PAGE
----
Compelling, Funny, Fascinating
Yes. Though the technical details can be a bit overwhelming sometimes, he always ties in why it's pertinent to know them.
As a banker we are forced to become familiar with various social engineering techniques because of people like Kevin Mitnick. It was amazing to hear how these tactics have worked, and reminded me to keep on my toes a bit.
Ray Porter - his inflections and reading are spot on. He makes it seem as though this is his memoir. He's been good in others and so-so in some but this was perfect material for him. Enjoyable listen. Parts of this could have been insanely boring but the authors and narrator did a good job conveying the technical details with out putting you to sleep.
Not really a book but as others have noted, this is the geek version of Catch Me If You Can.
The author (Mitnick) is arrogant, yes. That's his personality and what enabled him to pull off most of what he did so there's no way to take that out of the book. And a bit whiny. But looking past that, it's quite fascinating what he was able to talk people into and what info he could talk them out of.
Yes, very interesting story of telephone and computer hacking. Enough technical details to keep it interesting without overload. Plenty of his personal life and problems.
On the human side, it is the story of smart but spoiled immature kid who becomes a spoiled immature adult.
This was the best book that I heard in 2013. It had the excitement of any thriller and it was the story of a real person told by the one who lived it. The Narrator Ray porter did an excelent job of brining it to life. I felt like I was there with him on the run as he tried to out think all the agents that came after him.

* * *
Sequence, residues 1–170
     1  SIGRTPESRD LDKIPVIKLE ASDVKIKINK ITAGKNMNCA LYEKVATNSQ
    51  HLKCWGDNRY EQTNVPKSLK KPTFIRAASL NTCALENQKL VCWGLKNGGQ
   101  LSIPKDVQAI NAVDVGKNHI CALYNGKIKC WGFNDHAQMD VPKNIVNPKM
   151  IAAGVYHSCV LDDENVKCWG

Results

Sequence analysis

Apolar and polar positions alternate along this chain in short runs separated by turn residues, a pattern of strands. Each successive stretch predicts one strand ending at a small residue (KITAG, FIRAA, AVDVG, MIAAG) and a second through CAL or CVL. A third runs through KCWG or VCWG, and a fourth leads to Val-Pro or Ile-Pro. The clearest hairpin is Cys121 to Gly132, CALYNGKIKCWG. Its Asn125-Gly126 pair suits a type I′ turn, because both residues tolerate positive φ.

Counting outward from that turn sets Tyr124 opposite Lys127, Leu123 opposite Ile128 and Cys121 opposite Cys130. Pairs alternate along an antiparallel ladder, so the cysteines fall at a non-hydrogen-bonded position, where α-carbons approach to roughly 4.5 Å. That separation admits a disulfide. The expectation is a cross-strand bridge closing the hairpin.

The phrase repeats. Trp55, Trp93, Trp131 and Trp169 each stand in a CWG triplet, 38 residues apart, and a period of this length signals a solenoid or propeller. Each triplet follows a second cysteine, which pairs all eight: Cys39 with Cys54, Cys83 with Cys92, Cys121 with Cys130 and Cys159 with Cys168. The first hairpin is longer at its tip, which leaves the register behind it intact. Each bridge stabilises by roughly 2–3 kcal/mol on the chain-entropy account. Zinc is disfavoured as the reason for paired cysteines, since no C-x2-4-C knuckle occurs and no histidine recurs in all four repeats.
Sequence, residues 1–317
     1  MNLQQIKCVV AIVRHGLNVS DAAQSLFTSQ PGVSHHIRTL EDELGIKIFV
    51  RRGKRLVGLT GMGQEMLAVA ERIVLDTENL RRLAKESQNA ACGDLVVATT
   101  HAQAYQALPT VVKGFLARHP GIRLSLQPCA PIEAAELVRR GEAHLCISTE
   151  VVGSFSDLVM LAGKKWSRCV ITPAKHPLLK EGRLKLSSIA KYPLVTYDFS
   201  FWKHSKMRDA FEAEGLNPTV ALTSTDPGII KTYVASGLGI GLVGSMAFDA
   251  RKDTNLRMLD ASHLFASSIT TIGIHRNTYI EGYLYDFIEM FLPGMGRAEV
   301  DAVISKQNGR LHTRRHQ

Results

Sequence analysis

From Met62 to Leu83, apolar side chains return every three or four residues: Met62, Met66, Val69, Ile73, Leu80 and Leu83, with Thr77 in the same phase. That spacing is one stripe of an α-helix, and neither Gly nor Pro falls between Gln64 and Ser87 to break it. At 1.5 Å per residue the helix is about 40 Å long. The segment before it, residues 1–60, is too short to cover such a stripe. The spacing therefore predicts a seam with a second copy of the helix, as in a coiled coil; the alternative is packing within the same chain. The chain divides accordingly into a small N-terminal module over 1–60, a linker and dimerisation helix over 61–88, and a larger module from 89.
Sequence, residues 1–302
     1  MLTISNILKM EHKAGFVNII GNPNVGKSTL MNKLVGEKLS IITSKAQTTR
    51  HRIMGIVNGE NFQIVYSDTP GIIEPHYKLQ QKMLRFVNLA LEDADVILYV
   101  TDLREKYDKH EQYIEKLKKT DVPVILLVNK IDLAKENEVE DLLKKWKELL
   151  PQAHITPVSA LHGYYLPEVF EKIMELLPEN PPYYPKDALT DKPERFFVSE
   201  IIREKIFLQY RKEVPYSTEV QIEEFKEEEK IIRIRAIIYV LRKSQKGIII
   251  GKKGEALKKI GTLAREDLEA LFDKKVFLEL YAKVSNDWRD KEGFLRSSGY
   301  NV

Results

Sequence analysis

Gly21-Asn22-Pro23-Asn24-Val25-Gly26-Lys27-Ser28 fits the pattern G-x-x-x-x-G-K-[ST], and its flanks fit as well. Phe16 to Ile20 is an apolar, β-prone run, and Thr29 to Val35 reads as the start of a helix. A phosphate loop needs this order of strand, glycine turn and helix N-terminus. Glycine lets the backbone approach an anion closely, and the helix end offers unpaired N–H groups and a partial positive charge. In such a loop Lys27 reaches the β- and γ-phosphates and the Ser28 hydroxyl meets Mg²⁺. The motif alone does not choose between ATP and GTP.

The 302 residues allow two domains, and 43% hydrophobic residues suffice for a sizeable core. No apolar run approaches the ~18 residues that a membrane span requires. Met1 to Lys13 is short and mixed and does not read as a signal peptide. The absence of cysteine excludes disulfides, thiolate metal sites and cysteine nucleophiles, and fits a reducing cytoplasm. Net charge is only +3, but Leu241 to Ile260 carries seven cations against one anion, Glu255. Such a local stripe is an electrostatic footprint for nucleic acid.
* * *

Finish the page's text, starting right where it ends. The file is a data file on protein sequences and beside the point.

The book was painfully unabridged! Every number, letter, acronym, and phone number were included. It got pretty tedious!
I would. It was still interesting to learn about social engineering.
Yes, but the way the narrator drew out the profanity was tiresome and off putting.
Possibly. Someone narcissistic should play Kevin. Narcissistic and fat, anyway.
Have not read but could't imagine it being much different
The honest and open frankness of the author
One of the easiest of the US presenters I have listened to as a listener from outside the US (Australia)
As a non hacker I just found it of great general interest but with an inherent message that computer security is very suspect.
Amazing story - well told and well read! You don't have to agree to or like it, but the adventure is sure as hell fun!
Well written, well read, entertaining, not too technical, not too long. Author pulls few punches with those who deserve it, being hit. I have never before been remotely interested in the hacker culture, but this was totally engrossing.
Honestly, I didn't even know who Kevin Micklick was.
Lots of adventure here.
exciting unbelievable insane
One man who was able to stay ahead of the entire FBI
When Kevin goes on the run
How he was able to stay one step ahead of everyone.
The bad: Mitnick's ego and lingering resentments sometimes get in the way and the story also gets dry and repetitive at points.
The good: Mitnick's story is legendary, and while I get the feeling he isn't always 100% honest, this is probably the closest we'll ever get to the true story without embellishments and ridiculous rumors. As Mitnick points out several times in his own story, his escapades are remarkable enough without the crazy rumors that grew around his legend over the years.
As a hacker and penetration tester myself, it is refreshing to read a story where second or third-hand accounts of hacking don't result in eye-rolling ridiculousness during the technical parts. I had known bits and pieces of Mitnick's story, but it was interesting to find out that most of his greatest successes were due, at least in part, to his natural skill as a social engineer. The result is a book that is not only entertaining and historic, but highly instructional also. As he states, the approaches he uses to get access to systems works nearly as well today as it did in the day of his exploits.